HCNSO Student Theses and Dissertations

Defense Date


Document Type


Degree Name

M.S. Marine Biology

First Advisor

Paul Arena

Second Advisor

Christopher Blanar

Third Advisor

Andre Daniels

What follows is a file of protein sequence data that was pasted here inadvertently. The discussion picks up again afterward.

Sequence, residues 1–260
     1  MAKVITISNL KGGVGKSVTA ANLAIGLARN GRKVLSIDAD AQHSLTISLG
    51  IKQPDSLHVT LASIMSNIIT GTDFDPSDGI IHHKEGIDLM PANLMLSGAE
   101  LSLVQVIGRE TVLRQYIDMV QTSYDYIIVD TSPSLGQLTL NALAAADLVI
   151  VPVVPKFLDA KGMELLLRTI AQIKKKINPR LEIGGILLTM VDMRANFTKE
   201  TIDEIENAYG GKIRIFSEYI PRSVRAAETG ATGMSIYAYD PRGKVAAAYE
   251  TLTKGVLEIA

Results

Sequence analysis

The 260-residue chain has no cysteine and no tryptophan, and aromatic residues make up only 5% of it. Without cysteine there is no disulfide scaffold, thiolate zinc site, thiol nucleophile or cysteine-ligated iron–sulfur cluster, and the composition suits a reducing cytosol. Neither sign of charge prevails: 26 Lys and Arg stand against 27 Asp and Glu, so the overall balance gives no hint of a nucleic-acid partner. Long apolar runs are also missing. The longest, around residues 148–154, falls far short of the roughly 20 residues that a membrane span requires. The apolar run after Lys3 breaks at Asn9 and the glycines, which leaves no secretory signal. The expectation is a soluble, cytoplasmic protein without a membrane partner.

Seagrass habitats are critical habitat for many fish species and are currently threatened by anthropogenic and natural factors, such as coastal development, pollution, global climate change, and sea level rise. There are few studies that have tracked long- term changes in seagrass habitat and their associated fish communities. This project addressed this need using data collected by the United States Geological Survey (USGS) from two South Florida sites, North Biscayne Bay, FL (NBB) and Port of Miami, FL (POM). The USGS sampling was part of ongoing monitoring projects designed to assist future management decisions that would enhance the protection of these valuable habitats. Data were collected biannually at the conclusion of the dry (April) and wet (September) seasons from 30 cells at each site. In each cell, the data collected included: six replicates for seagrass species and cover, five sweep net collections for fish species and abundance, as well as abiotic variables (water temperature, salinity, turbidity, water depth, and sediment depth). A distinct loss in fish and seagrass species were observed, particularly between the years of 2011-2014. These years coincided with several events including: the Port Miami Deep Dredge (PMDD) project during the years 2013-2015; periods of drought; and major storm events. Changes in fish community structure over this time period were largely driven by loss of species and increased homogenization of fish communities at both locations. More specifically, the NBB community shifted to resemble that of POM by 2014. These changes mirrored the loss of seagrass cover at both locations. Further studies are required to assess the extent to which ongoing dredging activities and other factors might be affecting seagrass cover, which ultimately affect fish communities.